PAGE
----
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Lesson 8 Monitoring free space
ObjectiveList free space in a tablespace.

Monitoring free space in Oracle

Space is an important thing to watch in any database. Free space is important, because it represents space available to be allocated to objects. As tables, indexes, and other objects grow, they grow by having chunks of free space allocated to them. If your database doesn't have enough free space to accommodate this growth, you will run into problems.
Oracle organizes free space into extents. A free extent is a contiguous set of blocks, all within the same tablespace, that haven't yet been allocated to an object. The DBA_FREE_SPACE data dictionary view returns information about these free extents. A tablespace may have multiple free extents, so to find the total available space in a tablespace, you have to sum the sizes of all the free extents. Here's a query that does that:

SELECT t.tablespace_name, 

       SUM(bytes), SUM(blocks), 

       MAX(bytes), MAX(blocks)

FROM dba_free_space fs,

     dba_tablespaces t

WHERE t.tablespace_name = fs.tablespace_name(+)

GROUP BY t.tablespace_name

ORDER BY t.tablespace_name;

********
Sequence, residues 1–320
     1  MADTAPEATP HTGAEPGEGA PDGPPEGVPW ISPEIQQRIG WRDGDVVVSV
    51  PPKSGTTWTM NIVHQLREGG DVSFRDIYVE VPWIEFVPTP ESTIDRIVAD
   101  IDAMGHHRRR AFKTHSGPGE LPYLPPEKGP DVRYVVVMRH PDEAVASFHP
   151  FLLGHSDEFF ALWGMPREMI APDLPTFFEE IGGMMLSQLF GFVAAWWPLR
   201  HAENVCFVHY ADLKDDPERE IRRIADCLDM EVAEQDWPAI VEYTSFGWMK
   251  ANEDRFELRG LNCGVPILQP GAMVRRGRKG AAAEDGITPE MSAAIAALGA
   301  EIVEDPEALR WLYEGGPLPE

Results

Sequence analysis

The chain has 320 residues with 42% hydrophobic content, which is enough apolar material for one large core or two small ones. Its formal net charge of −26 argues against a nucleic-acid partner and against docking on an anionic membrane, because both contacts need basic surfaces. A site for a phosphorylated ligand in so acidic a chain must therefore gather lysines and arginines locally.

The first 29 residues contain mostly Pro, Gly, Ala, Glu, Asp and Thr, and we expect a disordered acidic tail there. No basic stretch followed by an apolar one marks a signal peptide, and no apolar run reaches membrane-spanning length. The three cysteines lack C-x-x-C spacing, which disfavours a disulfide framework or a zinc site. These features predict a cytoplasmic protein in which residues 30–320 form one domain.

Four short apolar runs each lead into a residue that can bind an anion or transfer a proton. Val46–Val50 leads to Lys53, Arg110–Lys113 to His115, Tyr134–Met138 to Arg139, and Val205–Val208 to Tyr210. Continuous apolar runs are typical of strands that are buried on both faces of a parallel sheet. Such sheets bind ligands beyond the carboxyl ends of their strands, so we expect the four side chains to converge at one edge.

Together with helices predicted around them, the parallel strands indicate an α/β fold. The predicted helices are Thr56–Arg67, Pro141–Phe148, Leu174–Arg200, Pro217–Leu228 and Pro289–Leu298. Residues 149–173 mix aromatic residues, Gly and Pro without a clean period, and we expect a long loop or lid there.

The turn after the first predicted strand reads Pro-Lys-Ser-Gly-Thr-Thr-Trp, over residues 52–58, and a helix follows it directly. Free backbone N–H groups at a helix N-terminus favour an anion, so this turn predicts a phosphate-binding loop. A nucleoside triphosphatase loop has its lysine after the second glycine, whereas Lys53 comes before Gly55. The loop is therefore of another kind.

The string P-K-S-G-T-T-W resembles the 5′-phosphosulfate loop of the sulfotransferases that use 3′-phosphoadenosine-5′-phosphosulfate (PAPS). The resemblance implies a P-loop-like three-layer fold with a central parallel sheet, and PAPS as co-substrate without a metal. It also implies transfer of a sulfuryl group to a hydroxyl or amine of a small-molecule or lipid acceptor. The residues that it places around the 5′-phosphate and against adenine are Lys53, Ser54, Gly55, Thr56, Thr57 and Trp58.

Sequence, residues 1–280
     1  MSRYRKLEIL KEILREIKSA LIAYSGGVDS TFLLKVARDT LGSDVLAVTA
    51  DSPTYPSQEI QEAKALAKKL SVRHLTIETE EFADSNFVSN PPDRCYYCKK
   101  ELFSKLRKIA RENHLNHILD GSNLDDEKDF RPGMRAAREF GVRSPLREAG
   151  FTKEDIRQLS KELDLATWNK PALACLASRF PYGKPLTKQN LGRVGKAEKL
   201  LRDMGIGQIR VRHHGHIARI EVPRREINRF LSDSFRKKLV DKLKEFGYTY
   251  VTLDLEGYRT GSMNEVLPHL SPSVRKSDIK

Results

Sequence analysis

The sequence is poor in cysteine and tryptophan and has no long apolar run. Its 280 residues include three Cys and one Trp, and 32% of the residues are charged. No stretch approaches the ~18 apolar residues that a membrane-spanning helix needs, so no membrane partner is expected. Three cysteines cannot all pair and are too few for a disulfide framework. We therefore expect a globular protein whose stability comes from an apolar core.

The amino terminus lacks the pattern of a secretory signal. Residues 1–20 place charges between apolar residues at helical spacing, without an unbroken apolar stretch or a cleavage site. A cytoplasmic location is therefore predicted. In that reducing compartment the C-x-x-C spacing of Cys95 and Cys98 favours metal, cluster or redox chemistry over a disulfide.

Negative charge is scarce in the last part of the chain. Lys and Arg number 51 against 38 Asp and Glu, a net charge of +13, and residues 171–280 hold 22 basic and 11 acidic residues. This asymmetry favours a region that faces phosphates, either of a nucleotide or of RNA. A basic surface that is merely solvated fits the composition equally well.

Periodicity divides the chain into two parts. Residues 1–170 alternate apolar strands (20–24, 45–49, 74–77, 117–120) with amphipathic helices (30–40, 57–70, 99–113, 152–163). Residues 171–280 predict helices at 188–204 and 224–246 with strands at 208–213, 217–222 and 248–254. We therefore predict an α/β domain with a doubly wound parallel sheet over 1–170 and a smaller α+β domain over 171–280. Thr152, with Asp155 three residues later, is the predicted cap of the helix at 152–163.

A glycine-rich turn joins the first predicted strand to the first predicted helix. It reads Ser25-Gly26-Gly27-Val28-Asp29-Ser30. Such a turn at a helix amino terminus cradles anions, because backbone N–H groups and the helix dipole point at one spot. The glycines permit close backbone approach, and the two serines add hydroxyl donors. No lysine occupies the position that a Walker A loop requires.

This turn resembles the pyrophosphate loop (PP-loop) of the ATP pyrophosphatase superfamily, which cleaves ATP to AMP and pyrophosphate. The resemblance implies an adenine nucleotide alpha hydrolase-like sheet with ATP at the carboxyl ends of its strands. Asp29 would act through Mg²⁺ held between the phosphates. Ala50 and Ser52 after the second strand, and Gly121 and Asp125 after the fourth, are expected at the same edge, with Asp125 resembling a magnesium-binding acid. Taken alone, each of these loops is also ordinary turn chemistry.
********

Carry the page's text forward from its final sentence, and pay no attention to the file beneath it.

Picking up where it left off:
Query Output

The output from this query will tell you the total amount of free space in each of your tablespaces. It also tells you the size of the largest single extent of free space in each tablespace. The outer join between DBA_FREE_SPACE and DBA_TABLESPACES ensures that all tablespaces are listed, even those with no free space at all. The output will look like this:


----------------- ---------- ----------- ---------- -----------

SYSTEM              49827840       24330   49039360       23945



System TableSpace

Here, the SYSTEM tablespace has 24,330 blocks of free space. The USERS tablespace, on the other hand, has no free space at all. Because DBA_FREE_SPACE did not show any free extents for USERS, the results for that tablespace are all null.
The size of the largest free extent is important because of the way in which Oracle allocates space. When it comes time to allocate space for an object, Oracle determines the size needed for the next extent of that object, and then looks for a free extent of at least that size. In other words, if you have a table where the next extent size is 10 megabytes, it won't do you any good to have two free extents of 5 megabytes each. You need a single free extent of 10 megabytes or greater. In the next lesson, you will learn how to find objects that fail to extend.